More importantly, human concern for animal species extinctions seems to be largely predicated on our anthropomorphic impulses: that is, we have the greatest empathy for animals that remind us of ourselves or that seem appealing or "cute" to us. Consider the different way that we regard tuna and dolphin for just one example. We hunt the former so aggressively that we are on the verge of having to maintain wild tuna populations artificially if we hope to continue eating as much sushi and tuna fish sandwiches as we wish. Other…
He describes how wild grains and animals were domesticated, as well as the new technologies that made farming possible (sickles, baskets, pestles, gourds, irrigation, the wheel, the plow). He uses a chart to plot these movements. His evidence is mainly archeological, historical, and botanical with heavy doses of appeal to imaginary scenarios. Its power to convince is narrational. His ultimate point in cataloguing this change is to assert how, for first time in history, humans become a prime factor in altering earth's natural landscapes. Land was now exploited and degraded through deforestation for crops and soil erosion.
Summary: Ruddiman summarizes the history of how humans began to shape the earth through technology and landscape transformation. He relies on the credibility of his narrative.
Ch. 8, pp. 76-83: His main claim is that humans rather than nature have created a rise in atmospheric methane. He presents several lines of argument, beginning…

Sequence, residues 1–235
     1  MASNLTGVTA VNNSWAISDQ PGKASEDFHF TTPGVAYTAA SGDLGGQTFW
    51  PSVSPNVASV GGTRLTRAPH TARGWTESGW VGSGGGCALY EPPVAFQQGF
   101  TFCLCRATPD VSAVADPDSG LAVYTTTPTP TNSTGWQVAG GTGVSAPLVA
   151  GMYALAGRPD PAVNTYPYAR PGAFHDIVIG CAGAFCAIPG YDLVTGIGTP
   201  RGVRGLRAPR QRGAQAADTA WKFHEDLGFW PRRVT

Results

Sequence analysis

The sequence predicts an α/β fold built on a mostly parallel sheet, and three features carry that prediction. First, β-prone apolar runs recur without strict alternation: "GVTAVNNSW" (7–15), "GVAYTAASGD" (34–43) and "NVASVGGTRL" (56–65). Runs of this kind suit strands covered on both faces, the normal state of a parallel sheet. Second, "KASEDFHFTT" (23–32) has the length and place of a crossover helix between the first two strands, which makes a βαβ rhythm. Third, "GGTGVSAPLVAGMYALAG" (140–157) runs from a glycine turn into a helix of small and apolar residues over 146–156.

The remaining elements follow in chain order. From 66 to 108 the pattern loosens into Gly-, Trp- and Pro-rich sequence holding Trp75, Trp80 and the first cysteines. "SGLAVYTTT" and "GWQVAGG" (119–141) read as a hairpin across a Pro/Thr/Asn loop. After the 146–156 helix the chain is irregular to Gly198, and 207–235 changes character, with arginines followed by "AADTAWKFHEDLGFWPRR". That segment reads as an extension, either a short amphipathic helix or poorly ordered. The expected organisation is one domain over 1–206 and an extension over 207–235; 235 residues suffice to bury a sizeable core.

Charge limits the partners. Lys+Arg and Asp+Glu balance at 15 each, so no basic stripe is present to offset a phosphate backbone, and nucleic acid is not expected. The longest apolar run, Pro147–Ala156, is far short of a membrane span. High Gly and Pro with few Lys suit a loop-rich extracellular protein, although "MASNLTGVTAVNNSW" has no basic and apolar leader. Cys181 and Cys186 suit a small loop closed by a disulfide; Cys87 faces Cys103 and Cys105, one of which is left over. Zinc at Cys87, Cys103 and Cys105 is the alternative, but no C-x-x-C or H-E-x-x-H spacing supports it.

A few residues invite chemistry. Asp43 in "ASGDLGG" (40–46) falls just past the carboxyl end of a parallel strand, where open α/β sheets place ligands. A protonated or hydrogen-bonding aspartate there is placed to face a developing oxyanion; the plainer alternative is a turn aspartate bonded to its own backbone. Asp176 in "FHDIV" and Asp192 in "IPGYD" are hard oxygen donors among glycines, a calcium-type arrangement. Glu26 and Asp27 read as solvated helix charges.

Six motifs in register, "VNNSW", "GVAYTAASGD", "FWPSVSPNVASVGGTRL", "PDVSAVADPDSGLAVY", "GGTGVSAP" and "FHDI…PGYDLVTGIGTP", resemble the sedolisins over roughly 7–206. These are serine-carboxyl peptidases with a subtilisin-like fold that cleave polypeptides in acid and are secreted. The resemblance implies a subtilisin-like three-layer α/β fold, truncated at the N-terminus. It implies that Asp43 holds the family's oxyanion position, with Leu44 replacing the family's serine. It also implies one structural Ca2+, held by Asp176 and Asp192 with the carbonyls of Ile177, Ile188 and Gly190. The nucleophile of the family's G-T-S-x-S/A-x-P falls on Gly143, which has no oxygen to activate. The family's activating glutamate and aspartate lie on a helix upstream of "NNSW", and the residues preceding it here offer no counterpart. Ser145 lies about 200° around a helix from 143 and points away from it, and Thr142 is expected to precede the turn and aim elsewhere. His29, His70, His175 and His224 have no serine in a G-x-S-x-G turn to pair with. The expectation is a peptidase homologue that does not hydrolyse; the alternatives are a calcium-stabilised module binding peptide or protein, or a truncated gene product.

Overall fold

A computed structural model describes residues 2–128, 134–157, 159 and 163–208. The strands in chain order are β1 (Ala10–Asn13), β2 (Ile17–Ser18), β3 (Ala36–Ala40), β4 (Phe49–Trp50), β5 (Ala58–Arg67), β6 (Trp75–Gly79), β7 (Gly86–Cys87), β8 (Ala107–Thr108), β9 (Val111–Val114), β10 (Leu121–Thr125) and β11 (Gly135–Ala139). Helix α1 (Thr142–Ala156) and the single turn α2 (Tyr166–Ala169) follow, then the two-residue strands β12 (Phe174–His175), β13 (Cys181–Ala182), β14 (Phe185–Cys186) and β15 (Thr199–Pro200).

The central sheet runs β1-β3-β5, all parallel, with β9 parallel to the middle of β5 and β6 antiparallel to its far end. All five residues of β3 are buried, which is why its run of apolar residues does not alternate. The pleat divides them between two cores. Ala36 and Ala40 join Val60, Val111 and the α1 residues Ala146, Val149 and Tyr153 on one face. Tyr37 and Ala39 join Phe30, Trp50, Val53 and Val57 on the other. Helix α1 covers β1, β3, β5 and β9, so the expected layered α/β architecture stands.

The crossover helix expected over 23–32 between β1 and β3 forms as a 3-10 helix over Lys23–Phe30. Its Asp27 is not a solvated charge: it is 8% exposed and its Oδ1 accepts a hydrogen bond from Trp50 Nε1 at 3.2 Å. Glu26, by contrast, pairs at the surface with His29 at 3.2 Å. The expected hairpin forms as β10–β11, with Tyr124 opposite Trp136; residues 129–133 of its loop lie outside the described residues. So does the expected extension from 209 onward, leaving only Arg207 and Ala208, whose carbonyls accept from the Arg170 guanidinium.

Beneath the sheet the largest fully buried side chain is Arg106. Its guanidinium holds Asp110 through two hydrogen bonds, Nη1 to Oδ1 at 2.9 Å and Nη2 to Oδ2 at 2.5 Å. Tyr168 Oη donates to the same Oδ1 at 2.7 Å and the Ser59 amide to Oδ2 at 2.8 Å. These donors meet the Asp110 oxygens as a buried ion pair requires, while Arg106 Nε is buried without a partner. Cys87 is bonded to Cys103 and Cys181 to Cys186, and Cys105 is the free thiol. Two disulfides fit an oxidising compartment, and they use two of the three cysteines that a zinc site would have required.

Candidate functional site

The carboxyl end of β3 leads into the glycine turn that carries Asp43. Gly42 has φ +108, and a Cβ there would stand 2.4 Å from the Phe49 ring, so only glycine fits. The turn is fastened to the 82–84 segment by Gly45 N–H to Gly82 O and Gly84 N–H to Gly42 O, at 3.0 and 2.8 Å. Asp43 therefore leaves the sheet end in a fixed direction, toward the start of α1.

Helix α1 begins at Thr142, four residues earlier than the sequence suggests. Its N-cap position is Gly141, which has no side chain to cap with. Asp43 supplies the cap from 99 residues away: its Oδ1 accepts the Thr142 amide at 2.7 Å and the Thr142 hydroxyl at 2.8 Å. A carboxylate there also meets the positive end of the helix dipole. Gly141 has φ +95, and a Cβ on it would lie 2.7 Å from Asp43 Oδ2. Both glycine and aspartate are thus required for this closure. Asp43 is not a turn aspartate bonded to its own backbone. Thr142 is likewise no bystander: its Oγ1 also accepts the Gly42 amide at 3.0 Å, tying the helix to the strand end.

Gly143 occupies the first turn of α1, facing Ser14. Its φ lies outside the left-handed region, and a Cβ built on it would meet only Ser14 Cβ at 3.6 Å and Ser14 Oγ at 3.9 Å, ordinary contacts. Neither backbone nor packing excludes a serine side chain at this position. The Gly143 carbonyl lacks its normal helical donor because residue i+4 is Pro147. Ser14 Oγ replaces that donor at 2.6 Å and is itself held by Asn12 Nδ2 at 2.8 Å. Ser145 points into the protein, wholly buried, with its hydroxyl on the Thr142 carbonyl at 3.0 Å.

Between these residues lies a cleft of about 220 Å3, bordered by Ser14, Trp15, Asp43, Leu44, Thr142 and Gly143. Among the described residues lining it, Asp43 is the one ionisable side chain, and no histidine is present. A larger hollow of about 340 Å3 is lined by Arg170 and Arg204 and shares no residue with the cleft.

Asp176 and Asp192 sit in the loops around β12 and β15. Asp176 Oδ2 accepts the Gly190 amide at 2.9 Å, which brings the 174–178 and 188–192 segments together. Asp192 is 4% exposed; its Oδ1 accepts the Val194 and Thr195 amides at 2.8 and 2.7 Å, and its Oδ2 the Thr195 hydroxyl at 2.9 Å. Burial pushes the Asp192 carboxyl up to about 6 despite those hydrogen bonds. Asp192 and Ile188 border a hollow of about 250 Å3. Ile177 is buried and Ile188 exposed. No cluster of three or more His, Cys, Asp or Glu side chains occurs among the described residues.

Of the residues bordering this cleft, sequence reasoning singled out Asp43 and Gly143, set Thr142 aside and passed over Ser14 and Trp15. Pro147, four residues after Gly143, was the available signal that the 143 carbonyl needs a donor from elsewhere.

From the point-of-view of the variation and flexibility of the species such cultivated woody crops rank as no more than cornfields. While the tree farms are conveniently be stretched on the private lands, national forests those are considered priceless reservoirs of most of the biological diversity of the nation cannot expand so easily. The commercial logging is considered as the greatest danger for survival of the national forest system. The timber sales are growingly concealed beneath the post fire recovery and fire prevention missions, forest health initiatives and restoration programs. (Endangered Forests: Endangered Freedoms)
Declining wetlands and reservoir construction are having spectacular influences on a global scale. (the Importance of Wetlands and the Impacts of eservoir Development) the data of USF & WS reveals that the United States added 2.3 million acres in ponds and inland mudflats during the period of mid 1950s and mid1970s. The country added…
Acid Rain -- a Contemporary World Problem. Retrieved at http://www.geocities.com/narilily/acidrain.html. Accessed on 3 February, 2005